After a night of confusion and fear on the Columbia campus of the University of Missouri, police announced on Wednesday morning that they had arrested a suspect, Hunter M. Park, for “making a terrorist threat” against black students and faculty on the anonymous social media platform, Yik Yak:
— Columbia Missourian (@CoMissourian) November 11, 2015
Mizzou threat suspect Hunter Michael Park, 19, is white, and he lists his home as Lake St. Louis, according to jail records.
— Matt Pearce (@mattdpearce) November 11, 2015
Police said the person was not on or near university grounds when the threats were first published online.
The uptick in campus-wide concern came just a day after University System President Tim Wolfe and Chancellor R. Bowen Loftin announced they would step down amid pressure from students, a hunger strike, and a boycott from the Missouri football team in response to a flurry of racially charged incidents that have plagued the campus in recent weeks.
Shortly before 8 p.m. on Tuesday, a notice was sent out on the university alert system noting that authorities were “aware of social media threats” and that officials were beefing up security. At 10 p.m., MUPD announced the threats were under investigation. MUPD Maj. Brian Weimer told the Maneater, a student newspaper: “We’re aware of it and we’re looking and trying to identify who it is.”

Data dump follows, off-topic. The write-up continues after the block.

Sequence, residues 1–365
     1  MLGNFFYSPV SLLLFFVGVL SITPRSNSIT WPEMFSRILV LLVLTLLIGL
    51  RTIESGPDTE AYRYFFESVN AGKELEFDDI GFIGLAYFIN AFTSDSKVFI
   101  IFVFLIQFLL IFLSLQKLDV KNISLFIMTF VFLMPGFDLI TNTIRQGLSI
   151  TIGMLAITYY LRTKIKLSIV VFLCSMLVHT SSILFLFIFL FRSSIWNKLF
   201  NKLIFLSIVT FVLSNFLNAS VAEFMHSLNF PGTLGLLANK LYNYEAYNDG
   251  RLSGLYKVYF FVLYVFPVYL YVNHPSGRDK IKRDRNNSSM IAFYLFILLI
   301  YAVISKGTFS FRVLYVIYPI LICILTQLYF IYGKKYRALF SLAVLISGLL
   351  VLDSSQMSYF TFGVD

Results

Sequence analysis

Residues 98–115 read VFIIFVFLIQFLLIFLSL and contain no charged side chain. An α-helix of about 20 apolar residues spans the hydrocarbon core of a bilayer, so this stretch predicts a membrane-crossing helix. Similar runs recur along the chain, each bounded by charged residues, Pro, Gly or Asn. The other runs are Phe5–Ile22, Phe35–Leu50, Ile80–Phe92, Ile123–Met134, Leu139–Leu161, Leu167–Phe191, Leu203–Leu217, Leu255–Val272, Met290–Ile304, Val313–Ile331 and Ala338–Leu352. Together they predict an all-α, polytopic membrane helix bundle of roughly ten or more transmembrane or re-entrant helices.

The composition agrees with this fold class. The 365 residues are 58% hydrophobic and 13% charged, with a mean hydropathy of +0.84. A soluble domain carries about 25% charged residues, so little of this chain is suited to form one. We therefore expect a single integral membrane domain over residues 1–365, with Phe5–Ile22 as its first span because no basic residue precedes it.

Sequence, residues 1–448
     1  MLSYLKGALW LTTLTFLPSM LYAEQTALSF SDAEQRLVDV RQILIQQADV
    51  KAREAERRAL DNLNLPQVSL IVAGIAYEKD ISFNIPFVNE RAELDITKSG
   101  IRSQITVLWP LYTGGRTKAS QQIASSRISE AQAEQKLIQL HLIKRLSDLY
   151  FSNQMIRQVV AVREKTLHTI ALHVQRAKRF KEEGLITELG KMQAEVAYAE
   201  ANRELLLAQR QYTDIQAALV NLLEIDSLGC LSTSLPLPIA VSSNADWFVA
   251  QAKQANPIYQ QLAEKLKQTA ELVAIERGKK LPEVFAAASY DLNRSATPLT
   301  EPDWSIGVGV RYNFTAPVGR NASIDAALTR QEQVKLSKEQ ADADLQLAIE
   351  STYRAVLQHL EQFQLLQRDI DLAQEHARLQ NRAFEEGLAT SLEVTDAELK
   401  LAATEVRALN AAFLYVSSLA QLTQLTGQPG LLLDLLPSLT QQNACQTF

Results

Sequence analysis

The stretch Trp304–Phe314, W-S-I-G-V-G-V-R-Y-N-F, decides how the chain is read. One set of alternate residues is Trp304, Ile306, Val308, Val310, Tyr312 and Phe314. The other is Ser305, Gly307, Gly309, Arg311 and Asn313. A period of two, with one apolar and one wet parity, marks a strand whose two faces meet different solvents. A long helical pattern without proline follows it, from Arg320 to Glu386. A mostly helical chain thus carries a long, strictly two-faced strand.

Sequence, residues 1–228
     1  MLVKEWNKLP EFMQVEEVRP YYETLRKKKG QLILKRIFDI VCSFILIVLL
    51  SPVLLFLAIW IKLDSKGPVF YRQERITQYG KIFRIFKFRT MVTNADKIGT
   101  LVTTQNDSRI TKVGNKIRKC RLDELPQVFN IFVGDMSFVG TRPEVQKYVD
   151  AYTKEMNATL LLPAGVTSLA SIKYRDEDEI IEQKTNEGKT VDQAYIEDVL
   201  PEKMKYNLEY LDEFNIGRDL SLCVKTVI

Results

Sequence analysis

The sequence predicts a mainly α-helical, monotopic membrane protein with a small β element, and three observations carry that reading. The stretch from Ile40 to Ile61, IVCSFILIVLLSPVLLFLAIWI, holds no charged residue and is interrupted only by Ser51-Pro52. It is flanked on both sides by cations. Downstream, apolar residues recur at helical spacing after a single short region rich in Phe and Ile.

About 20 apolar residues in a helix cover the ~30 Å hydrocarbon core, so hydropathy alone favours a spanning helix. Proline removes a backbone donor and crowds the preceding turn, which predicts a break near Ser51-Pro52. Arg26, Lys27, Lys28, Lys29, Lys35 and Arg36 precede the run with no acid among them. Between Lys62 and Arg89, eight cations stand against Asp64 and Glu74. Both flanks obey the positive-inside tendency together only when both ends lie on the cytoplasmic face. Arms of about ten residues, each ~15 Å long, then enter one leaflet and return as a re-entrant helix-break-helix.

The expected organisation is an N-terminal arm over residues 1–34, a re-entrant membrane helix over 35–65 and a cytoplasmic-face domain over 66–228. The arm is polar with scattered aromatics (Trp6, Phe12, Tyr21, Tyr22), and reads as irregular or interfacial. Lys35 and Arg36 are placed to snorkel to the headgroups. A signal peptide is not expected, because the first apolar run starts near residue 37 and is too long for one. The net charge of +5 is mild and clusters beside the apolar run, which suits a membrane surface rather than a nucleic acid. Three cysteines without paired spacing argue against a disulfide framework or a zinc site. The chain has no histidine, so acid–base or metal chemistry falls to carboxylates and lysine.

The posts in question were widely shared on social media Tuesday night, and sparked panic on campus. “Some of you are alright,” one message read. “Don’t go to campus tomorrow.”
— Johnetta Elzie (@Nettaaaaaaaa) November 11, 2015
— Jack Bernstein (@JackBernstein55) November 11, 2015
While representatives from the university’s student government urged administrators to cancel classes on Wednesday “due to the nature of threats on campus,” an alert sent late Tuesday by the university cautioned against spreading rumors and added that there was “no immediate threat to campus.” University Provost Garnett Stokes told reporters a decision on class cancelation would be made in the early morning on Wednesday.
— Elizabeth Loutfi (@Fleur_de_Liz720) November 11, 2015
As of Wednesday morning, most classes were scheduled to take place as normal.
This isn’t the first time university police had to deal with threats on the anonymous social network. Last December, in the wake of student demonstrations over racial tensions on campus, commenters took to Yik Yak to post a flurry of racist and insensitive anonymous notes. One yak noted: “Lets burn down the black culture center & give them a taste of their own medicine.”